From Iceland — EU Support Declines

EU Support Declines

Published February 18, 2010

Support for joining the European Union has declined, says the Iceland Chamber of Commerce. As previously reported, the group conducted a survey of businesses in Iceland and found that 60% of spokesmen for Icelandic businesses believe the country’s interests are best served staying outside of the European Union. At the same time, only 31% of those polled believe Iceland’s economic situation would improve by joining the European Union.
The Iceland Chamber of Commerce also contends that there is growing uncertainty about the economic situation in Iceland, although most polled support the president’s decision to veto the Icesave law.
Leftist-Green MP Ögmundur Jónasson, who himself has voiced opposition to joining the EU despite the ruling coalition’s platform of wanting to join, was asked in parliament yesterday whether he celebrates yesterday’s news that the EU Commission recommends accession talks with Iceland. Jónasson responded that he has never been more opposed to joining the EU than he is now, but supports the idea of EU membership being put to national referendum.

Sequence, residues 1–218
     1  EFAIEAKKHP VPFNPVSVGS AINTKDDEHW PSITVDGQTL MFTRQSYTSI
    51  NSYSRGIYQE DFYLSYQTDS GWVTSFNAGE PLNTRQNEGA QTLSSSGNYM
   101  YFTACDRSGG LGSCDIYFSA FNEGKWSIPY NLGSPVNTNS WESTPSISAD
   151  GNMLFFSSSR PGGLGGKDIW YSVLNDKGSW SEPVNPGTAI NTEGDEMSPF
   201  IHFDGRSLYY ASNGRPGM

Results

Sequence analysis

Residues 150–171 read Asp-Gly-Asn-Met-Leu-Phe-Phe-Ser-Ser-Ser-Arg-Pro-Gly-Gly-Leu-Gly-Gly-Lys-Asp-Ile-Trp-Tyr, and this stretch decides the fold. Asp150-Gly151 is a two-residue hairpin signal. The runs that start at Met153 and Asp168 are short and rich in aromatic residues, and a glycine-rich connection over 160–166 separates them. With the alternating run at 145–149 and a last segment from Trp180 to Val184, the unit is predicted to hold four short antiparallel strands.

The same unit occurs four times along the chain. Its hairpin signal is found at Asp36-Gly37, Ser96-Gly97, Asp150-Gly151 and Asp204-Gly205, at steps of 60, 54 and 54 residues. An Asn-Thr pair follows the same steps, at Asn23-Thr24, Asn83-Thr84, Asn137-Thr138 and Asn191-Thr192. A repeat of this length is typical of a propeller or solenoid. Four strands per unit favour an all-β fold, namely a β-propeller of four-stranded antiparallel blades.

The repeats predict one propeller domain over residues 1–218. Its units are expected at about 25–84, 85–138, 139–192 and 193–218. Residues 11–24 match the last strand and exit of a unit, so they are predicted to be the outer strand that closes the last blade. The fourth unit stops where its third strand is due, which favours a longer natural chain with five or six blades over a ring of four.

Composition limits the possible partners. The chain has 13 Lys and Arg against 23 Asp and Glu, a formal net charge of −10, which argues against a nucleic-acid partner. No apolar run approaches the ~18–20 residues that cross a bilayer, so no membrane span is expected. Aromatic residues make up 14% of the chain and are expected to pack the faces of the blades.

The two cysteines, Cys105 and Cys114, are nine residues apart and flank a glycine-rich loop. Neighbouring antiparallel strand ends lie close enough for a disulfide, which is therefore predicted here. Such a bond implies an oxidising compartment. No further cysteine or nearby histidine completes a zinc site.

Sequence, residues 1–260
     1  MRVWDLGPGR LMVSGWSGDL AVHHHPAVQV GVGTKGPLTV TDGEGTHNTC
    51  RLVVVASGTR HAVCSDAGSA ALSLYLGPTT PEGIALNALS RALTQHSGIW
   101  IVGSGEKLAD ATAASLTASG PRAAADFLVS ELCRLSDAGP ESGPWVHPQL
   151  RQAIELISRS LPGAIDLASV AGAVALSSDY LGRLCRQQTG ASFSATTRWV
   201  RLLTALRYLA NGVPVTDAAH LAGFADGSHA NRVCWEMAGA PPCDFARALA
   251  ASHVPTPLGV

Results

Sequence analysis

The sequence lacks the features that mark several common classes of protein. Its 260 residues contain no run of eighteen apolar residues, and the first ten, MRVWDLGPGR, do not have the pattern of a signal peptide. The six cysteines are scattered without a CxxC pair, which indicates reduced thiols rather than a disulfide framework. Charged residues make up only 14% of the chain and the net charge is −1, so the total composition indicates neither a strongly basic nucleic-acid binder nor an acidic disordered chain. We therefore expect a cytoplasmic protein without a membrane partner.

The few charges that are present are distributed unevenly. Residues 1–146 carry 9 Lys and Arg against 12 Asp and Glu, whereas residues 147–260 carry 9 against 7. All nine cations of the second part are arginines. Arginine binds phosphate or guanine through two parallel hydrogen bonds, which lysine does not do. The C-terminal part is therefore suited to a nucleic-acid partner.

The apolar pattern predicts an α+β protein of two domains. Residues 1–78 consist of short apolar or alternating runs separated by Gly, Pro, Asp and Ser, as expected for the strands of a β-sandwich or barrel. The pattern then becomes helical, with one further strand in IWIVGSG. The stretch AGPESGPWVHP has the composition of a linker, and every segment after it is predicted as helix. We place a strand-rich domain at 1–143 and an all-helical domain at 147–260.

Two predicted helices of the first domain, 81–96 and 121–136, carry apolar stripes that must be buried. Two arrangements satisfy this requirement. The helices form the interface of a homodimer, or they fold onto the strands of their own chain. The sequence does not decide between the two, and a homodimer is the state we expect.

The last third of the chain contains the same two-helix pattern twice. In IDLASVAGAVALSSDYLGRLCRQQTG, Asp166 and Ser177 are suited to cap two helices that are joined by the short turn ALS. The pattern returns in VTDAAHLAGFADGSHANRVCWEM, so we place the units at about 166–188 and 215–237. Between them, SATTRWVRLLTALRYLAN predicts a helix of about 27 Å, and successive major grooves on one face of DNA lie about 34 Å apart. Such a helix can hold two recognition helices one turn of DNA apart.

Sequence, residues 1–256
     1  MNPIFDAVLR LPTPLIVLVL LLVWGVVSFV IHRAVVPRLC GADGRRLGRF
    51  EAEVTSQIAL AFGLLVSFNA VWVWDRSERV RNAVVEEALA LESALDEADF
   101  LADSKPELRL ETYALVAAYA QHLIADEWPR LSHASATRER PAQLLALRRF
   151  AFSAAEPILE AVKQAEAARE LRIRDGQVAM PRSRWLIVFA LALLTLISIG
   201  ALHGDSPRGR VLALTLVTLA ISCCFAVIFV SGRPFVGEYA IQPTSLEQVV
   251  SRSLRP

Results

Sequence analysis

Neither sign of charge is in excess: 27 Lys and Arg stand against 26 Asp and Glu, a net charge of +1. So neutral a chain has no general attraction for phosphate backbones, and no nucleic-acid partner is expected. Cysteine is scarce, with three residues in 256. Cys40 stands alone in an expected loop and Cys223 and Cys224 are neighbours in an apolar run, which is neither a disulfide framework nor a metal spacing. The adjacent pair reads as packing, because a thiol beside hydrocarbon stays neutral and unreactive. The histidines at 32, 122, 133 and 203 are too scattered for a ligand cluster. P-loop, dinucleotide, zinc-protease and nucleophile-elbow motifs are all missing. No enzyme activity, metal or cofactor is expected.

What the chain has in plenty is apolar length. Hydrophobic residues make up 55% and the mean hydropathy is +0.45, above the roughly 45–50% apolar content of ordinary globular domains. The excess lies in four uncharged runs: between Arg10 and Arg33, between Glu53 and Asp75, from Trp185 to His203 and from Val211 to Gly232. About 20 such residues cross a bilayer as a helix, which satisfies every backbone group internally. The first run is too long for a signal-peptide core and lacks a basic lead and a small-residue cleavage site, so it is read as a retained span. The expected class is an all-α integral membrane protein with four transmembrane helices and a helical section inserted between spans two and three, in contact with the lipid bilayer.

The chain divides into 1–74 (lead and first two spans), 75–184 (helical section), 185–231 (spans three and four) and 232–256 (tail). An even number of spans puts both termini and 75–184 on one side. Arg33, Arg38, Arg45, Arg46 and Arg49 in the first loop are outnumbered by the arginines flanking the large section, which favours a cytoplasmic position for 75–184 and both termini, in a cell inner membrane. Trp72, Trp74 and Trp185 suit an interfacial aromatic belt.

The ruling coalition parties – Social Democrats and Leftist-Greens – have had separate EU platforms, with the former fully supporting joining, and the latter generally against the idea while believe the matter should be put to referendum.

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